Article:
Jackie – Week 1 of 4
Background – Jackie is a Freshman in college and is currently in-season playing Squash. She practices 5x/week for 2 hours/day and typically has a match on the weekend 3 out of the 4 weekends in a month. She has just recovered and feeling “back to her normal” from a rotator cuff strain 2 months ago. Right before Christmas break she was starting to develop very mild low back and right knee pain, but that has gone away with her time off from Squash.
Training History – The only organized training she has done was 4 years ago. She had personal training going from 8th grade into her freshman year of high school and the focus was on balance and coordination. The Squash team she is on at her college currently has no training program for them.
Jackie’s Primary Goal – Gain full body strength for injury prevention
1 – Six foundational movement patterns
- Squat, Hinge, Lunge, Push (Vertical and Horizontal), Pull (Vertical and Horizontal) and Carry
- Compound movements allow more weight to be used as compared to accessory lifts. This provides more of a stimulus to the working muscles and the surrounding area, yielding more efficient muscle fiber growth and strength gains when compared to isolation work.
- Resembles everyday movements. Simultaneously recruiting muscle groups and not only producing strength gains, but in a more practical sense.
2 – Frequency of training
- Primary focus is that Jackie is in-season for her sport. In-season training is very important for maintaining strength and performance.
- 2x/week is enough when you put it alongside 5x/week practices for 2 hours/day and weekend games.
3 – Full Body Workouts
- Less time commitment with an already busy schedule
- Maximizes recovery with more days between workouts
- Better manages fatigue with lower CNS stress
What’s to Come – Throughout the next three weeks Jackie linearly progresses working sets, reps, or the load being moved. There is some variety in exercises (which is another benefit of compound movements), but each week has the six foundational movements. Incremental increases, done in a way that allows Jackie to perform more sets, complete more reps, or add more weight each time, yields the fastest results.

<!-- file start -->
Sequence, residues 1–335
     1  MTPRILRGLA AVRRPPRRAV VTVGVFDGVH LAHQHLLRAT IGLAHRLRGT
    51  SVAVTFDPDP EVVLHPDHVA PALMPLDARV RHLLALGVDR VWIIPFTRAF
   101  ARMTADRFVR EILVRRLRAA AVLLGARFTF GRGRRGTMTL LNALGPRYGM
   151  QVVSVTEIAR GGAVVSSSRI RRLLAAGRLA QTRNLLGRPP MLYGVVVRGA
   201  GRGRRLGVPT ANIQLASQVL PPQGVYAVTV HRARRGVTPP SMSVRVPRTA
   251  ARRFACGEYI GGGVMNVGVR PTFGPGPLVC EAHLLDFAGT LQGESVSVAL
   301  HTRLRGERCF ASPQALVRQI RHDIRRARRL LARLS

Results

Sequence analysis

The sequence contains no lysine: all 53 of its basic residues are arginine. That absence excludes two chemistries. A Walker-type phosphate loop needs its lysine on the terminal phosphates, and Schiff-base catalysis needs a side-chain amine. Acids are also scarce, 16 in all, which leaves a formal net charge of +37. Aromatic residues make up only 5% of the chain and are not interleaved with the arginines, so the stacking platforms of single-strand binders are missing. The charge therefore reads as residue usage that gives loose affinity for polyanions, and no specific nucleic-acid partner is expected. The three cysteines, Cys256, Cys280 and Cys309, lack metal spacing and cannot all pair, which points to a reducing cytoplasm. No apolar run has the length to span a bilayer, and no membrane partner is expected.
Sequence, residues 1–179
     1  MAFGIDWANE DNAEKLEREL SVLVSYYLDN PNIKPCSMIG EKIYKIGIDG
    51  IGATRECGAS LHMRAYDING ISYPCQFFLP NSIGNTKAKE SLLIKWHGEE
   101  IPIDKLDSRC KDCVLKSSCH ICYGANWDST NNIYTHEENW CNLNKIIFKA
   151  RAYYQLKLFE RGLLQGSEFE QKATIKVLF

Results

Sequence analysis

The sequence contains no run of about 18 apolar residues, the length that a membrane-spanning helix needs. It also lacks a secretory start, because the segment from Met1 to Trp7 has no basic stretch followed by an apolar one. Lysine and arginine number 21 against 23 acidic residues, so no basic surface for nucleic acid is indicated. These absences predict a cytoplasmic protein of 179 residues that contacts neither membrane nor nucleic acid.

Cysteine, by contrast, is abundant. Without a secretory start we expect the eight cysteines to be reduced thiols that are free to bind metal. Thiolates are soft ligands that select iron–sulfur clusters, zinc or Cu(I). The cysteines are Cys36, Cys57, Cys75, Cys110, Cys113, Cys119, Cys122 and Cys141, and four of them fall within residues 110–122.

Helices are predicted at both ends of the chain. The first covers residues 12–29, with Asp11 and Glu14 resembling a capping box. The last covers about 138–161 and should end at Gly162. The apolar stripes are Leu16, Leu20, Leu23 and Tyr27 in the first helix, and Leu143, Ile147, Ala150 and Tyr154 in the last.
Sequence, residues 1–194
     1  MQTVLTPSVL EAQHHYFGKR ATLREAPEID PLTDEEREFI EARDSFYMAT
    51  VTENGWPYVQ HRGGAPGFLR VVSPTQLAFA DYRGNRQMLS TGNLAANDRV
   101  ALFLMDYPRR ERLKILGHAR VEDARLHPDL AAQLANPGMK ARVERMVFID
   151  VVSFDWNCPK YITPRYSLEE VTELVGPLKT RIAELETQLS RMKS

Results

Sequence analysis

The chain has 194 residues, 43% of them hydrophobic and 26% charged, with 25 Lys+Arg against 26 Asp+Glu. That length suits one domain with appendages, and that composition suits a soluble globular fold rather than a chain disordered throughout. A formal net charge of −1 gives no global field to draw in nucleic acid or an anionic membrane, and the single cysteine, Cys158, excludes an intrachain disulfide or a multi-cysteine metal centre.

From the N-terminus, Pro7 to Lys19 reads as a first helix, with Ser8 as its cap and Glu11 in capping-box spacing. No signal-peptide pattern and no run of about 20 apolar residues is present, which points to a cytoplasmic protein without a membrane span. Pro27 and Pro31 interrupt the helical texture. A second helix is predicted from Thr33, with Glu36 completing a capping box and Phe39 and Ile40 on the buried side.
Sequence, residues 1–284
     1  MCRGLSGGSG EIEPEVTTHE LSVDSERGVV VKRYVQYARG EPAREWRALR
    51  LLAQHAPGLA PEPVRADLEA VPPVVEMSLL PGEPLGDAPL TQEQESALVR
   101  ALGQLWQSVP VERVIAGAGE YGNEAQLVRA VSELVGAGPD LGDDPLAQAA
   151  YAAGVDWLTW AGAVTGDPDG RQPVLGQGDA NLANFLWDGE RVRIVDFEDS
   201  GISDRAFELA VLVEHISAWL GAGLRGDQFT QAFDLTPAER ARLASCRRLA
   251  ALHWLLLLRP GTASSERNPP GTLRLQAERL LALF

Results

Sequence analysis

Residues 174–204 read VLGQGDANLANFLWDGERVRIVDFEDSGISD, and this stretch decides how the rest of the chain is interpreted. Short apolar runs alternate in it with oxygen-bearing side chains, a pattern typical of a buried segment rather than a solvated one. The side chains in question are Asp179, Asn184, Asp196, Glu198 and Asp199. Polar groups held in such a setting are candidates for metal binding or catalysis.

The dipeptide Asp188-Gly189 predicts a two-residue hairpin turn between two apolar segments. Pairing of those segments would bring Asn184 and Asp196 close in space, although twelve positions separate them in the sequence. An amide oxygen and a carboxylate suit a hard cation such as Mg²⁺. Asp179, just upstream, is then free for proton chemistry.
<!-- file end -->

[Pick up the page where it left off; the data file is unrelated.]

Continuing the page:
The Novice Effect – With Jackie being relatively untrained, she will get stronger just by lifting weights consistently at first. She is doing something that is physically harder than anything she’s ever done, and therefore her body will adapt to the stimulus by improving strength and performance. The rate of strength gain slows with the longer training career, which means her programming will need to get more and more specific to continue to adapt.
Figure 1. The rate of strength gain over a training career. Note the steep slope characteristic of the novice period; these are the fastest gains a lifter will ever make, regardless of the quality of the program. The better the program, the better the results (Mark Rippetoe, 2010).
- Do not perform the days back-to-back with ideally 48-72 hours between sessions
- Do not workout the day before a competition
Squat / Vertical Push / Horizontal Pull
Shoulder External Rotation – 2 x 10-12 reps
Bear Crawls – 2 x 50 ft.
Single Leg Bridges – 2 x 10-12 ea. leg
B1) Goblet Squat 3 x 8 (20#-30#)
B2) Dead Bugs 3 x 10 ea.
C1) 1/2 Kneeling Overhead Press 3 x 8 ea. (10#-15#)
C2) 3-Point DB Row 3 x 12 ea. (15#-20#)
D1) DB Lateral Lunge 3 x 8 ea. (10#-15#)
D2) Plank Shoulder Taps 3 x 10 ea.
Hip Hinge / Vertical Pull / Horizontal Push
Prone Snow Angels 2 x 5 with 5-1-5 tempo
Adductor Rockbacks 2 x 10 ea.
Down Dog 2 x 6-8
B1) KB Deadlift – to an elevated surface 3 x 8 (20#-30#)
*Decrease height of weights/box throughout the program
B2) 1/2 Kneeling KB Lift/Chop 3 x 8 ea. (10#-15#)
C1) Machine Assisted Pull-Ups 3 x 6-8
C2) DB Floor Press 3 x 10-12 (10#-15#)
D1) DB Step Ups 3 x 8-10 ea. (10#-15#)
D2) DB Farmer’s Carry 3 x 100 ft. (25#-30#)